'Argument' is quite a difficult term when applied to student writing because it is used in many different ways, which we explore below. Sometimes a 'good argument' and a 'good structure' mean the same thing. On the other hand, you can have a good structure in a piece of writing without it strictly being an argument. For example, a large part of a report is exactly that, essentially reporting on something that has been done, or has been found out. Often you may be required to explain rather than argue, although your tutors might not make such a distinction.
The requirement to make an argument can also be rather constraining or daunting - as one student said, 'I'm not an argumentative type'. Students who enjoy writing learning journals find that they are often more interested in raising questions, or playing with a range of different ideas, than committing themselves to a particular point of view. And much of a student's work involves analysing different points of view or interpretations before they can think about making their argument.
On the other hand, if you think of making an argument as sorting out what you really want to say, after a good deal of thought and preliminary exploratory writing, then it can become very interesting. In the end, you reach a point where you have something of your own to say, and this is a point at which you find your own 'voice' and a sense of authorship, as we explore in the next two chapters.
We have seen in Chapter 3 that different subjects and even individual tutors have different ideas and expectations about student writing, including their views about argument. It would be a good idea to look back now at what they had to say. The Politics tutor wants students to 'tease out the logic of an argument'. According to the Social Anthropology tutor, social scientists 'use data to support an argument', and the Psychology tutor stresses the need for students to 'pick up on the central issues' and not to put in too much 'description'. The Biology tutor simply asks for the essay to be 'well laid out and well argued'. Most university tutors, then, stress the need to 'get a good argument' and tutors often criticize a student's assignment on the grounds that it does not have an 'argument'. However, as you can tell from what these tutors say, it isn't always easy to know what exactly they mean or what they expect you to do. The idea of what counts as an argument is very different according to the subject of study or discipline. In Chapter 3 we talked about how different subjects view the world though a different 'lens' and how they embody different ideas about what counts as knowledge in a subject. The idea of argument will therefore obviously be different in different subjects.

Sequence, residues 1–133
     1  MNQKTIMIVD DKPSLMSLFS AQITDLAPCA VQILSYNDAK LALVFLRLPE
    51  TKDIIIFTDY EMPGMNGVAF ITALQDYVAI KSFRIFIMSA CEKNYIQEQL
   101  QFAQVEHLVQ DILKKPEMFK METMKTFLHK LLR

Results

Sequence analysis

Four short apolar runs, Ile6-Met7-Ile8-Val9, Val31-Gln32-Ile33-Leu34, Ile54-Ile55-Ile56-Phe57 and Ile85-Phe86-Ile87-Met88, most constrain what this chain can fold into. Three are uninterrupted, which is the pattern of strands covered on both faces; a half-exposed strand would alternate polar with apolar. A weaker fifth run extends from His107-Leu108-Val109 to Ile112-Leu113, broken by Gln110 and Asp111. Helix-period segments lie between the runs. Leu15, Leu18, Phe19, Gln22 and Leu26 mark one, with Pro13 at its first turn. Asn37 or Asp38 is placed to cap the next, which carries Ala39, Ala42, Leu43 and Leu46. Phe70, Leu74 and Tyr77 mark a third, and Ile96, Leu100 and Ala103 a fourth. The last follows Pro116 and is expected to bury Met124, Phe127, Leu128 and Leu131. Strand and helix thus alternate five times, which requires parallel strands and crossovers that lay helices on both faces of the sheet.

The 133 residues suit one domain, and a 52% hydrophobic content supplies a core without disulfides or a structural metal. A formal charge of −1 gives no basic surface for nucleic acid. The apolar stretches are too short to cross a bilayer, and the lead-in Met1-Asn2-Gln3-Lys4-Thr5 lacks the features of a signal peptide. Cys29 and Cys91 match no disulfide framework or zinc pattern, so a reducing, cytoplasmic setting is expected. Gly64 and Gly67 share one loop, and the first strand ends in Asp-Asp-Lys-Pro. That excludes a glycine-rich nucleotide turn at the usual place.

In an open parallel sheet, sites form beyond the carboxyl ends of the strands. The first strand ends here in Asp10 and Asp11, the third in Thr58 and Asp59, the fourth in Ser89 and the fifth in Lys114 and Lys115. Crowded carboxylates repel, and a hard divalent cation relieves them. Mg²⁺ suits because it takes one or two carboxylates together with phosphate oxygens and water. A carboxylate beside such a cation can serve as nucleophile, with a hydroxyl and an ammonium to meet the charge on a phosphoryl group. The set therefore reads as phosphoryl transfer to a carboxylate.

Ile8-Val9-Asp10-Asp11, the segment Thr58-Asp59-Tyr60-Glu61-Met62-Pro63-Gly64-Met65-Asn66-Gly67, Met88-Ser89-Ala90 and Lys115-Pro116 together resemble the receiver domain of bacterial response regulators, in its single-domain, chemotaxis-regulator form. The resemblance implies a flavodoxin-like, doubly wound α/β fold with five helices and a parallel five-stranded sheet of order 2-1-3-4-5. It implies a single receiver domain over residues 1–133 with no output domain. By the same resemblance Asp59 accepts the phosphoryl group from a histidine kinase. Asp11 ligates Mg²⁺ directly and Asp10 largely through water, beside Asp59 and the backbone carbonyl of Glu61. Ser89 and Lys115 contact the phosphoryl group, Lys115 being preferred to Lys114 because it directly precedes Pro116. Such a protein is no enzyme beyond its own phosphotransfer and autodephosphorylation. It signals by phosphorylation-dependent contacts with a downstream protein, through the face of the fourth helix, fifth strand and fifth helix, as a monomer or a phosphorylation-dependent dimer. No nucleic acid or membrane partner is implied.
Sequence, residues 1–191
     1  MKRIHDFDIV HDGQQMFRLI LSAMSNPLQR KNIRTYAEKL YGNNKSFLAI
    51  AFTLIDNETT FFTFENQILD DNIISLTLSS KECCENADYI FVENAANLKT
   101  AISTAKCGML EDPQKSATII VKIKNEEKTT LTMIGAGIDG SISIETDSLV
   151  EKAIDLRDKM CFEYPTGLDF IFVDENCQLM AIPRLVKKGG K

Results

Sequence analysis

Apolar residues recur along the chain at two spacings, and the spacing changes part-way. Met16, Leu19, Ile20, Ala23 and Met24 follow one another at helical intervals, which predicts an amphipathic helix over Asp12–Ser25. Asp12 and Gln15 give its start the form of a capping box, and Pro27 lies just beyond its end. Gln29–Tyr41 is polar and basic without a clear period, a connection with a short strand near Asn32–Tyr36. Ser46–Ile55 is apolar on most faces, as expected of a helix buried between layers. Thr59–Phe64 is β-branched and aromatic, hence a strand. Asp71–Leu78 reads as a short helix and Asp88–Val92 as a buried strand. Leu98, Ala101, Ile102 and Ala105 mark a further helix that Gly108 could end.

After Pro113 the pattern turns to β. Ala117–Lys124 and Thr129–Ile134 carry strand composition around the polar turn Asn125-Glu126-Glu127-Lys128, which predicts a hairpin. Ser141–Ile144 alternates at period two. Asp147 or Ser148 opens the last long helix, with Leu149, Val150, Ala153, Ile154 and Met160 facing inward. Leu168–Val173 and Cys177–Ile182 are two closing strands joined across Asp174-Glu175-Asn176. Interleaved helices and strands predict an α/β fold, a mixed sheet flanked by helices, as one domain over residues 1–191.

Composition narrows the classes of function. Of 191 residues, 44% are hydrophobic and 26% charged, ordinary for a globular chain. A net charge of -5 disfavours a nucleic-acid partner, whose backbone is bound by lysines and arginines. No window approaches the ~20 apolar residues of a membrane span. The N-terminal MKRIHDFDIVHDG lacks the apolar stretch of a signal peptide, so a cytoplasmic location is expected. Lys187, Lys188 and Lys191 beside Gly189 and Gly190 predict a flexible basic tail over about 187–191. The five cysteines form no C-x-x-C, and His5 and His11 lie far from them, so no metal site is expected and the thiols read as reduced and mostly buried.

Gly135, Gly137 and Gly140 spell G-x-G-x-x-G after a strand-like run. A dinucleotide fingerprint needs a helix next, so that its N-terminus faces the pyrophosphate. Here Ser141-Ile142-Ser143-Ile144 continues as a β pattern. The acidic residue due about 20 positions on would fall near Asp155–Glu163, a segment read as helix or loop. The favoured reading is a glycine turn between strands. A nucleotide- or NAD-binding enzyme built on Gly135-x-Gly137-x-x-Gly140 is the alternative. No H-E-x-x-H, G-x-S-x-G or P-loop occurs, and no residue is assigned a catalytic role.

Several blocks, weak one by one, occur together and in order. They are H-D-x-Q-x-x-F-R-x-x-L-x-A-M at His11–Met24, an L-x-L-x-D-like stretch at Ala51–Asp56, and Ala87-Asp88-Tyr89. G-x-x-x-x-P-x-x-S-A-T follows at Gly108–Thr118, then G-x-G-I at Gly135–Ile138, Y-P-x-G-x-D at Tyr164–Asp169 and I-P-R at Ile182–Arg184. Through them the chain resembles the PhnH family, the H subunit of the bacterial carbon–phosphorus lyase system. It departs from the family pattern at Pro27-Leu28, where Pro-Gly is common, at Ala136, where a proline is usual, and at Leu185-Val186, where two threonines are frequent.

Sometimes 'getting a good argument', as tutors see it, can be more or less equated with 'thinking critically': taking a questioning approach and thinking about 'Why' or 'So what?' and going beyond the surface of what is described. The sections on analytical reading and the different exercises on reading your own and each other's work in this book are pointers to a critical approach. Throughout the book we always encourage you to think about your own writing in a critical way.
Given these differences then, to begin to find out what getting a good argument in a particular subject might mean in your study, have a look at some guidelines from your department and listen to what your tutors have to say. Reading texts in your subject should also help you to see how the ideas are put together. Reading analytically and critically, as we explained it in Chapter 5, will also help you to build up a sense of how authors develop their ideas.
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